8/28/14 KNBA News - Oral arguments end in appeal of illegal subsistence fishing convictions
Oral arguments have wrapped up in an appeal of the conviction of 13 Yup'ik Eskimo fishermen for illegally fishing for king salmon on the Kuskokwim River in 2012. A 3-judge panel of the Alaska Appeals Court will issue a future decision.
The Central Council of Tlingit and Haida Indian Tribes of Alaska and the state of Alaska have signed a Memorandum of Agreement to foster a new level of communication and cooperation. The Governor's office calls it a first. The MOA calls for a review of issues and programs to identify opportunities for the two entities to work together.
A $1.5 million grant from the National Science Foundation will fund a 5-year pilot project to increase the number of American Indian and Alaska Native college students majoring in science, technology, engineering and math, or STEM subjects. The grant is the largest ever awarded to the American Indian Science and Engineering Society (see more at aises.org ). The goal of the project is to increase the number of Native Americans with advanced degrees and the number of Native tenured faculty in STEM subjects. The project will provide mentors, and $2,500 scholarships over a tw0-year period.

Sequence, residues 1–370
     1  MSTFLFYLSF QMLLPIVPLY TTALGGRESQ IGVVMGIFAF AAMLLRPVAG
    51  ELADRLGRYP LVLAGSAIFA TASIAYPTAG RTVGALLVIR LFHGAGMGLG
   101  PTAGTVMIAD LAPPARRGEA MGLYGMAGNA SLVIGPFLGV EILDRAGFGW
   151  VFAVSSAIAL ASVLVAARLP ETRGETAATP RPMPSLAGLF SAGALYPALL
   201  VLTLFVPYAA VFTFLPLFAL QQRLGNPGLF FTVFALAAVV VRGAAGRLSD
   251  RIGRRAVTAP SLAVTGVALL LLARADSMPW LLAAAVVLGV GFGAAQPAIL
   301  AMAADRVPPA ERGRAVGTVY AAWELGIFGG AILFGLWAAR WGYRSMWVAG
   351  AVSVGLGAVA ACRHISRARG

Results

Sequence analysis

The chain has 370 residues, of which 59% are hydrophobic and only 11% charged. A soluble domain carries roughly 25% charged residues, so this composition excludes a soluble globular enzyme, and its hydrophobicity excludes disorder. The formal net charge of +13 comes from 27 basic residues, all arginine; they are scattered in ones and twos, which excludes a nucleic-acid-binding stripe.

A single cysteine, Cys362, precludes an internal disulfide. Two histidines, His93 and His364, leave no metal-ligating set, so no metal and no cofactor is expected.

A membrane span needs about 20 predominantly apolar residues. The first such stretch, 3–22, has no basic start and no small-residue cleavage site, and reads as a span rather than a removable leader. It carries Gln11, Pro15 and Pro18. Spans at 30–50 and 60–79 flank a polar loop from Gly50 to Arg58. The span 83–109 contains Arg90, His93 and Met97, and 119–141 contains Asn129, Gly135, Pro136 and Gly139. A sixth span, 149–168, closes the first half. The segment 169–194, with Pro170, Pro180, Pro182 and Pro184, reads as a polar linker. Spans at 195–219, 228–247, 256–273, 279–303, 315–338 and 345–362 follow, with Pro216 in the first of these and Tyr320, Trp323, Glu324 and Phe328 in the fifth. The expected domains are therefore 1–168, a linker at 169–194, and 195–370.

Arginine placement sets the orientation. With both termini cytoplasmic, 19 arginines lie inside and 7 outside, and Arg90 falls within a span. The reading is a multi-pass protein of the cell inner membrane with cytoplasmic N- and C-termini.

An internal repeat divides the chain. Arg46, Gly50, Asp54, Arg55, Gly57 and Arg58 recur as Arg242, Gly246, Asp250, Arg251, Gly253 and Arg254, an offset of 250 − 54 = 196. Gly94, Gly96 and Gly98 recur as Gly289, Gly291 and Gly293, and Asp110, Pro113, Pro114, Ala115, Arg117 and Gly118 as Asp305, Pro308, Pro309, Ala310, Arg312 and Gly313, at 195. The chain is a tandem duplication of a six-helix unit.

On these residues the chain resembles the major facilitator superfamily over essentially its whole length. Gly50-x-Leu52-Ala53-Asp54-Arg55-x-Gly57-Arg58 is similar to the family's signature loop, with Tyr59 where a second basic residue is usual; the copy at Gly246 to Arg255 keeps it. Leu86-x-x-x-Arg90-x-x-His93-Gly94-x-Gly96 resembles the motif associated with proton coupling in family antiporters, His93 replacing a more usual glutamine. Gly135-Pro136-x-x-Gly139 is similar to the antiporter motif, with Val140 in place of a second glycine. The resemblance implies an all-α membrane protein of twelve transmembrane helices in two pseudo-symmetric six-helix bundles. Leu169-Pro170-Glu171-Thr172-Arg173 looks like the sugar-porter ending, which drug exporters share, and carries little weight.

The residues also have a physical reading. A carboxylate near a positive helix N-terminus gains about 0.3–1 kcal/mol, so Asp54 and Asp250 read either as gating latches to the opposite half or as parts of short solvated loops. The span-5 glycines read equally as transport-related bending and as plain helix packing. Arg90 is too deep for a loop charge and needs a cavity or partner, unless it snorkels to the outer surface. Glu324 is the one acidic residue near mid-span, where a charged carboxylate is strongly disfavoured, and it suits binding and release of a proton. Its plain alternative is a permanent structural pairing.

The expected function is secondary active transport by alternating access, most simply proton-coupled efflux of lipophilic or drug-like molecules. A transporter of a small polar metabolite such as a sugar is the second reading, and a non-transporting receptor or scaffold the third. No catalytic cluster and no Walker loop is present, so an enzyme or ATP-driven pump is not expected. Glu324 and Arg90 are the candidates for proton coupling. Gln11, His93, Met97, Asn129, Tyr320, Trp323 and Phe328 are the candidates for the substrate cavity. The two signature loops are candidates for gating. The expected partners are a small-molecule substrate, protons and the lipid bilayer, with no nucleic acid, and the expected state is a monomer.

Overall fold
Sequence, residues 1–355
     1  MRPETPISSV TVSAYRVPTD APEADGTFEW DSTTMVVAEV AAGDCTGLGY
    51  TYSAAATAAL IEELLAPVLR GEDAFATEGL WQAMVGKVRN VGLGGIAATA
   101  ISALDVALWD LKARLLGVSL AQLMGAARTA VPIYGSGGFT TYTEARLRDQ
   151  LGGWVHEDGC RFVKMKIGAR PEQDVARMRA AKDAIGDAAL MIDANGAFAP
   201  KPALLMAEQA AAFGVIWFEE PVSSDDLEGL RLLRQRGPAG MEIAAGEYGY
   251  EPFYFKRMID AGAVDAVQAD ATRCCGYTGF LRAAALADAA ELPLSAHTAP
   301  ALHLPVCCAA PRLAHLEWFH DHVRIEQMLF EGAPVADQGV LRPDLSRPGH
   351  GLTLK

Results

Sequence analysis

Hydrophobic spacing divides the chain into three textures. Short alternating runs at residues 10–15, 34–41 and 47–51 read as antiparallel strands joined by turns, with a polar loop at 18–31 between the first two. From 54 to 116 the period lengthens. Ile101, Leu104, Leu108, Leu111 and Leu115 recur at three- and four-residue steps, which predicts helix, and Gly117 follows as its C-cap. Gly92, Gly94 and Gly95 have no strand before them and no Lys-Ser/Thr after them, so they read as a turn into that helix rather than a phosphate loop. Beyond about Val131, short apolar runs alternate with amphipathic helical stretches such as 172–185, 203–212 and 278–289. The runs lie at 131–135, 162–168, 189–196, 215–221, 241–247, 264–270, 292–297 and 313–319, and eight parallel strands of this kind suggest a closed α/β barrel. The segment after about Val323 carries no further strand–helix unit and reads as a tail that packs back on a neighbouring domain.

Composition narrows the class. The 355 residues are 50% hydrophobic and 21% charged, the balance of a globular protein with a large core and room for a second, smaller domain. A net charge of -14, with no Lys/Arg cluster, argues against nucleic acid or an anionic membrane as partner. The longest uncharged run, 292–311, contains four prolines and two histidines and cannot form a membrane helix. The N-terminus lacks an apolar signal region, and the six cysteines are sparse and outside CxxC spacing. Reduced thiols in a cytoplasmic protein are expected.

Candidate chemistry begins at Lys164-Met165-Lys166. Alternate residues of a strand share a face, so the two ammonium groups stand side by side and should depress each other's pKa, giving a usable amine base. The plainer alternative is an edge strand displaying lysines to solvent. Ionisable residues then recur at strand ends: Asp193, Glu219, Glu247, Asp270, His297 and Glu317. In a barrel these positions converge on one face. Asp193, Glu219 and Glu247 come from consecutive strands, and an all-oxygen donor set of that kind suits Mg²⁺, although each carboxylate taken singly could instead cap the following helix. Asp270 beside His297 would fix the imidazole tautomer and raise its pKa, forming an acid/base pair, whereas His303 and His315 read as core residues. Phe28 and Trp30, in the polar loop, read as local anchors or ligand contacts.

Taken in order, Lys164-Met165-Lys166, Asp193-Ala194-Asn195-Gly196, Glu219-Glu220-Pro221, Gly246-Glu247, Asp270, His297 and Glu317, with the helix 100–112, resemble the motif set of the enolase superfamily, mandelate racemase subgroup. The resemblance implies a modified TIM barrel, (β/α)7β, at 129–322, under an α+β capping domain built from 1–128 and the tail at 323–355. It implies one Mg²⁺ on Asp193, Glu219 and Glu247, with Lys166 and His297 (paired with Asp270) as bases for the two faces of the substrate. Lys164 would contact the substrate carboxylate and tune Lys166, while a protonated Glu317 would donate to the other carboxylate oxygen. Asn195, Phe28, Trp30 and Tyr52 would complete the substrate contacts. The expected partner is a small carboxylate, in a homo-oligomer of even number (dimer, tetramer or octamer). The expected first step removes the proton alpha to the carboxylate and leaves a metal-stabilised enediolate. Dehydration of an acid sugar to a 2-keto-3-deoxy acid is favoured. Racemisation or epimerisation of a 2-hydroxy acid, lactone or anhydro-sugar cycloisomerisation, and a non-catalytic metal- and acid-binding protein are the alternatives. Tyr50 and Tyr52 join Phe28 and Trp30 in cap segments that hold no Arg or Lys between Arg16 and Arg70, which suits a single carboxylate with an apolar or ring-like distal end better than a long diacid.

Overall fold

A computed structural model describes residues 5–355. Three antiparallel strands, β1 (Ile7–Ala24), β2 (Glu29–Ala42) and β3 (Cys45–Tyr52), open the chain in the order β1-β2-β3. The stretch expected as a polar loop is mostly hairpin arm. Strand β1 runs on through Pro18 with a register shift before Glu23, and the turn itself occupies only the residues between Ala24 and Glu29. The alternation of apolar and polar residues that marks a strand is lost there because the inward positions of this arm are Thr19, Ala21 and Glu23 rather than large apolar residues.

A University of Alaska Anchorage program also works to support Native STEM students. It starts the social and academic preparation at an earlier age, though, and continues the support through graduate level studies. The Alaska Native Science and Engineering Program, or ANSEP, is working this year with 868 middle school students. It brings middle school and high school students to stay in dorms while taking classes from University professors. Founder Herb Schroeder says 83% of participating middle school students have completed Algebra I before they graduate 8th grade, compared to a national average of 26%. ANSEP provides scholarships of $5,000 per year. That amount goes up to $30,000 to support Master's and PhD studies.